The sets became instant cult items and SW’s output during its peak years was extraordinary, but in time Vraney found that less people seemed to care about the rarities he’d just discovered and restored, which may explain the company’s gradual reduction of DVD’s via Image. Burnt out if not frustrated by the lack of love from the connoisseurs that once snapped up each release, Vraney seemed ready to take his knowledge and archives and find a way to make them relevant as historical supporting materials. Ergo, That’s Sexploitation!

At 136 mins., Henenlotter’s doc is a monster: it’s tightly edited into elliptical sequences, but proper time is given to contextualize Friedman’s words with vivid recollections. A great moment has Henenlotter placing hot and cold versions of sexploitation films side by side to compare the variations in script, shots, and levels of décolletage among the women, or the bits that could be easily snipped from southern states not hip to tales of bare-breasted African babes running from gorilla-suited boneheads.

Friedman, whose vision was very weak and overall health was extremely fragile during filming, passed away less than a year after filming wrapped, while Vraney was stricken with lung cancer and passed away at the young age of 56 in 2014.

Reportedly a manic collector of many things, his legacy includes an extraordinary archive of human sexuality in its weirdest form in film and campaign art that allows us to laugh at the conventions, behaviour, and odd ways modern society has tried unsuccessfully to quash the need to be naughty. You can’t take smut seriously when it involves a naked woman admiring toy western figures frozen in ‘battle zones’ on her breasts, the circular pit of a belly-button, and the verdant fjords of a thatched vagina; nor some Italian hottie peeling off her spacesuit and stripping down to her silver moon panties to tease green nematode moon creatures with her boobies and halt any carnivorous actions in the must-have-on-Blu-ray idiocy Sexy Proibitissimo (1963).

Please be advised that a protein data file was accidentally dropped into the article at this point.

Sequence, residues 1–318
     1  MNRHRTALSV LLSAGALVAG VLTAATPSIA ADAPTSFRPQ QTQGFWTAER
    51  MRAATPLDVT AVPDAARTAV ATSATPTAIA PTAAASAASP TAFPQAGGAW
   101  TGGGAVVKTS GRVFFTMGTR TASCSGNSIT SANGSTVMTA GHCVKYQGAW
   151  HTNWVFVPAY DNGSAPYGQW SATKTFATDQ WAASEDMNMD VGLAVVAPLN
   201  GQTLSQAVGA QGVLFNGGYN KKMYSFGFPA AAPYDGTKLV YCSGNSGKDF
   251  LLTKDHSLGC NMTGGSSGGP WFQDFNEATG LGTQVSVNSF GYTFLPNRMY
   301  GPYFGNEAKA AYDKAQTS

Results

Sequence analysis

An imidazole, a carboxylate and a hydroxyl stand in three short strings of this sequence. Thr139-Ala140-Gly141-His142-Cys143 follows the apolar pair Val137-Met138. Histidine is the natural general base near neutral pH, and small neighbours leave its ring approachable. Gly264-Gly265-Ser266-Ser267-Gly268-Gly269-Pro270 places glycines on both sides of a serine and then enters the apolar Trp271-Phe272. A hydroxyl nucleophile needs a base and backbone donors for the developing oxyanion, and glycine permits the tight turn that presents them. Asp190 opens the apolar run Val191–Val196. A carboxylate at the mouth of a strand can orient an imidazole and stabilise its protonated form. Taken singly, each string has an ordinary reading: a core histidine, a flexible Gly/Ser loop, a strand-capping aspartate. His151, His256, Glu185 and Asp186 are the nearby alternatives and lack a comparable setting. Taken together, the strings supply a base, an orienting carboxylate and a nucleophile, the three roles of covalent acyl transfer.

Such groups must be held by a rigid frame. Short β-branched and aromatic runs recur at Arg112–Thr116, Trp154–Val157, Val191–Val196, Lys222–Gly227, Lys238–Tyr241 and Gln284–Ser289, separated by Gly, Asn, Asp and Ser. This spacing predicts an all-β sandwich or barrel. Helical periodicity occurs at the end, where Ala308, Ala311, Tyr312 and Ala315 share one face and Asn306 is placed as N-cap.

Severin’s Blu-ray comes with many of the shorts seen in the doc (some of which were synced and colour timed by Henenlotter), so there’s 3.5 hours of more nonsense to relish. It is an overabundance that might need to be devoured in stages, but as an adjunct to Friendman’s must-read autobiography, That’s Sexploitation! is a natural.

Note: in the commentary track, Henenlotter notes another That’s Sexploitation (1973) documentary listed on the IMDB, with an existing rating by people alleging to have seen it. This is bogus, as the material was shot on 16mm by Friedman for a promotional doc on sexploitation, but what survives are just silent raw film clips. With no audio, the footage proved pointless for Henenlotter and Vraney’s project, so while the 1973 doc is listed, it’s also not finished, silent, and unseen by the general public.

As for the SW label, it endures as an on-demand label with (primarily) digital downloads and DVD-Rs. Both the OOP Image DVDs and Vraney’s early VHS tapes with tinted collage cover art are now unique collectibles, often featuring material for which rights have lapsed, and the films themselves have once again vanished, like Albert Zugsmith’s On Her bed of Roses / aka Psychedelic Sexualis (1966).

I’m still waiting for that film and its score to make a Blu-ray release, as well as Sexy (1962), Renzo Russo’s reported mondo film whose music by Armando Sciascia (“Ba Dah-Bah!”) makes an appearance in the doc’s sonic collage.

Hint-hint. Nudge-wink. Twirl-twirl.



© 2016 Mark R. Hasan



External References:
Editor’s BlogIMDB
Vendor Search Links: — —

Tags: , , , , , ,

Category: Blu-ray / DVD Film Review

Comments are closed.